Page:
Amy: Accept, then detach, from sibling's drama
- Article by: AMY DICKINSON
- October 23, 2013 - 2:10 PM
Dear Amy: I have not spoken to my brother, who’s now very ill, in a long time. (We text occasionally.) His life has been nothing but chaos ever since I can remember.
Most of his problems are the result of very bad decisions on his part. My mother knows how I feel about all of this yet continues to confide in me about everything my brother is going through.
My mother says she doesn’t have anyone to talk to otherwise. She has friends but doesn’t want to confide in them. This has gone on for years. She says she is tired of hearing about all of my brother’s troubles but continues to listen and then tell me. She becomes very upset and turns into a ball of anxiety. She is 75 and not in good health.
Over time, this has made me as anxiety-ridden as my mother. Was I right to tell her that I cannot listen any longer to my brother’s problems because of how it is affecting me?
I told her that she has a choice about listening to this. I said she should tell my brother that it upsets her and ask him to stop sharing details about his life.
Amy says: You’ll have to understand that your mother may feel that the only way she can mother your brother is to give him a sounding board about his troubled life.
Forbidding your mother to talk to you about this is cutting off an important source of potential comfort for her, but if this is the only way you can cope, then you were right to do so.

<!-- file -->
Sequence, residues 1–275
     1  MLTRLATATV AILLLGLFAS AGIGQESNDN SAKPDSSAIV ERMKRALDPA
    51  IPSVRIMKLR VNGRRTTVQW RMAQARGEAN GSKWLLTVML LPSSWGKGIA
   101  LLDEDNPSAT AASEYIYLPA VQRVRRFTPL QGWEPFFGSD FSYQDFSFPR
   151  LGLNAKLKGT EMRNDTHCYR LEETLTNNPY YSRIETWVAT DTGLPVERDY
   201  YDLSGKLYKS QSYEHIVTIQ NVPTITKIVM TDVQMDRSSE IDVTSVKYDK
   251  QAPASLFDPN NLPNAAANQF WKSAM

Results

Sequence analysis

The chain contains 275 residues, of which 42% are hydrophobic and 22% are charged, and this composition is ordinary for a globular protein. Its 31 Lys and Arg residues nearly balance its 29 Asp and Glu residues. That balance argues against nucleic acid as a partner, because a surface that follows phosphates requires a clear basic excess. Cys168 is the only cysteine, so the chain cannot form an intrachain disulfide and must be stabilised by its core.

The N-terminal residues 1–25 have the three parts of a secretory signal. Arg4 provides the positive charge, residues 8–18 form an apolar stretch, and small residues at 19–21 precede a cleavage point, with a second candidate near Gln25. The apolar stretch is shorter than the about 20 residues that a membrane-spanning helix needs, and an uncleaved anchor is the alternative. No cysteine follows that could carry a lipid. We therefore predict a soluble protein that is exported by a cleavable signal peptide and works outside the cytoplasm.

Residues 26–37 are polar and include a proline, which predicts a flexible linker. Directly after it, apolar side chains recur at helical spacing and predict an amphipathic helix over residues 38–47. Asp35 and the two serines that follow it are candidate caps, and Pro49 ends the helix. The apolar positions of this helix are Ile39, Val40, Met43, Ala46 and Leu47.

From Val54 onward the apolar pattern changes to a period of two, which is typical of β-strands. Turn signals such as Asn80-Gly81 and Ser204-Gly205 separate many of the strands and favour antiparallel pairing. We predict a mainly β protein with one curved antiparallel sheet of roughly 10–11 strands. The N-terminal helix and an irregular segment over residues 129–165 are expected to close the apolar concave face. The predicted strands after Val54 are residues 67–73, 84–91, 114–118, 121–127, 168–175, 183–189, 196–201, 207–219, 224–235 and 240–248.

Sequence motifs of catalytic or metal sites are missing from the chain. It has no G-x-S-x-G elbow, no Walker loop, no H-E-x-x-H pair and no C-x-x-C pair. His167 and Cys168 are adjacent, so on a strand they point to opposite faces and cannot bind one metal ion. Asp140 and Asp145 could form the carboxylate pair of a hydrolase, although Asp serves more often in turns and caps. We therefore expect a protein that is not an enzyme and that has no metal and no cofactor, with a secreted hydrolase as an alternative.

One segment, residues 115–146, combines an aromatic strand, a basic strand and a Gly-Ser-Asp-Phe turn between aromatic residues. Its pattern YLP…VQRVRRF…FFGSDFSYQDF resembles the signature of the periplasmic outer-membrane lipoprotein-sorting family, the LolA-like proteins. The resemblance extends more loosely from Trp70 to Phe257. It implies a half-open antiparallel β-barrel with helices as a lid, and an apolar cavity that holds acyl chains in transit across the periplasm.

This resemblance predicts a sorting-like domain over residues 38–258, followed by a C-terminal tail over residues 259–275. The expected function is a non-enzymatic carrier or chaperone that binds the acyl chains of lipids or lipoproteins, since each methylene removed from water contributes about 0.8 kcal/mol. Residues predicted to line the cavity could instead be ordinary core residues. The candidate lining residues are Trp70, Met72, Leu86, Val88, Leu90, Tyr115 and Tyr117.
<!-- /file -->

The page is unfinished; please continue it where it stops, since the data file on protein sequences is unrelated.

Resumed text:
You have to learn to detach to the point that you accept reality but realize you are powerless to help your brother — and can only help your mother by gently affirming her feelings (“I know this is hard for you; I’m sorry you have to go through this, Mom”) while not getting swept up in the particulars.
Marriage changed him
Dear Amy: I recently married my best friend. We have been together as a couple for four years and rarely argued before we got married. Now he says I have changed from the girl he fell in love with. I used to be quiet and shy and would never stick up for myself.
I started my first real job and have extra money, so I sometimes get my nails and hair done. He accused me of trying to “look good” for other men. No matter how many times I tell him that I am not interested in anyone else, he goes through my text messages and phone calls and accuses me of deleting stuff. None of this started until after we got married.
I love him and can’t imagine life without him, but I am worried that he accuses me because he is cheating on me. How should I approach this subject without losing him and starting an argument?
Amy says: You married your best friend. But is this how your best friend should treat you?
Given what you say about your husband, I can’t tell you how to handle this without having an argument. Maybe an argument is called for.
You can start by saying, “I love you and want to stay with you. I want to have a peaceful, fulfilling marriage. But I’m not a piece of property. You do not get to go through my cellphone and accuse me of things I haven’t done. If we cannot trust and respect one another, then we won’t have much of a marriage.”
A counselor could help you develop trusting habits and acceptable parameters. If he becomes more controlling, suspicious and jealous, you should not stay.
Dear Amy: A recent letter writer is in a sexless marriage. So am I. My husband and I have been through therapy, read self-help books and so forth. But he simply never wants to do it. The time is never right for him. We have not had sex in years and probably never will again. This makes me so sad.
Amy says: I have heard from dozens of women in the same boat.
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